3. Cat A B | sort | uniq-u> C # C is set difference a-B

* Abstract the second column of a text file. The following code is more refined and fast (3 times) than the same Python code ):

1. awk '{x + = $2} end {print x }'

* Understand the string and grep commands.
* File segmentation: Understand the commands of Split (split by size) and csplit (split by matching.

System diagnostics

* Use the iostat, netstat, top, and dstat commands to view the status of disks, processors, and networks.
* Use commands such as free and vmstat to check the system memory status.
* Use the MTR network diagnostic tool.
* Use iftop, nethogs, and other tools to view the process and bandwidth occupied by the bandwidth.
* Use the AB tool to quickly understand the performance of web servers.
* Use Wireshark and tshark commands to diagnose complex networks.
* Learn how to use strace and diagnose running processes. This analysisProgramThe reason for running errors is very helpful.
* Run the LDD command to view shared library files.
* Learn how to use GDB to connect to a running process and trace the stack.
* Knowledge about/proc is very important.
* How can I diagnose an error? The SAR command is a good choice for collecting, storing, and reporting system information.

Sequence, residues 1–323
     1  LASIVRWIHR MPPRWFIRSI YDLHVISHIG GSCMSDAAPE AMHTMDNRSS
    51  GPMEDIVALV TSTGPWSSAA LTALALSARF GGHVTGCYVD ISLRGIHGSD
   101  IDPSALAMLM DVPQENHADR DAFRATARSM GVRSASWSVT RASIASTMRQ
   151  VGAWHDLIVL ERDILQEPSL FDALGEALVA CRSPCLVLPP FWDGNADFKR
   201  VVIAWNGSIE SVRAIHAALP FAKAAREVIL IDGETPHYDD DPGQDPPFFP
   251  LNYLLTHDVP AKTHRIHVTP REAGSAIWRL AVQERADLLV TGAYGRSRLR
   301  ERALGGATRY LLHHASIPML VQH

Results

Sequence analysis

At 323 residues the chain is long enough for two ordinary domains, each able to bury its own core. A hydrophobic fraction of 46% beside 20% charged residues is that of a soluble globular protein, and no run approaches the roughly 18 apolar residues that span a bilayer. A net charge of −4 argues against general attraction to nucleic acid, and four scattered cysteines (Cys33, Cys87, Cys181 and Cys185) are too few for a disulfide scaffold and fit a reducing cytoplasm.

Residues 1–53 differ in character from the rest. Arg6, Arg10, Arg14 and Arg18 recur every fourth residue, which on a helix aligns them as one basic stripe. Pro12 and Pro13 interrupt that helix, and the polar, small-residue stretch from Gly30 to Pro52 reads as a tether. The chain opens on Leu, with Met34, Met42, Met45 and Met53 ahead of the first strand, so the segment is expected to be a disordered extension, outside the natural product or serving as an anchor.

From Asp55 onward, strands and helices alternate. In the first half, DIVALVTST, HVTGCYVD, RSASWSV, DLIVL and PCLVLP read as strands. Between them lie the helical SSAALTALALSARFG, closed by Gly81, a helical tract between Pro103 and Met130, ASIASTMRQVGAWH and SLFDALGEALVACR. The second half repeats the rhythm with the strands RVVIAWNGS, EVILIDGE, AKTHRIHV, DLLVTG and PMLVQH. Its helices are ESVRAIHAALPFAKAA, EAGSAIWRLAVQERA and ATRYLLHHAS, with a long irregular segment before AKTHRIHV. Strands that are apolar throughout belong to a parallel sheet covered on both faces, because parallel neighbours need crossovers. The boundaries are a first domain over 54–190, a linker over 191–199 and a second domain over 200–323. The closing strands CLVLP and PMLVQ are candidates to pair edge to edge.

Welcome to share

I think there should be a lot of tips that have not been mentioned in this article. I hope you will share your comments with me. (Zhang zhiping/compile)

Original article:

Linux Command Line tips that every Linux User shoshould know


Five free lightweight Linux distributions

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20 Linux Firewall Application Skills

Unix/Linux Network Terminology

Five free lightweight Linux distributions

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Source: | Author: | add to my favorites

As we all know, open-source operating systems (such as UNIX and Linux) have achieved great success. An important reason for Linux's popularity may be that its release can meet different audiences.

Today, we will introduce you to five free lightweight Linux distributions.

Damn small Linux


Damn small Linux is a 50 MB Linux release, but its functions are not inferior:

* Multiple startup modes (such as live CD and USB) are supported)
* Extremely low system requirements (minimum 486 processor and 8 MB memory)
* A complete desktop environment and various application software (such as xmms, web browser, and email)

Linux mint


Linux mint is a Ubuntu-based release designed to provide a better user experience. Its slogan is freedom and elegance. It aims to build a perfect Linux Desktop System.

Puppy Linux


Puppy Linux is also a very small Linux release, which can be started in Mobile storage such as USB disks, with a size of about 70-140 MB. Puppy Linux focuses on ease of use, and the desktop environment is perfect.



Slitaz Linux provides complete desktop and server features in less than 30 mb! Slitaz orientedCommunityIt is easy to use and fast and reliable.

Tiny core Linux


Tiny core Linux may be the smallest Linux release with a size of only 12 Mb! Tiny core Linux includes the Linux GUI desktop environment, which aims to be real-time, simple, and scalable. (Zhang zhiping/compile)

Original article: 5 free lightweight Linux distros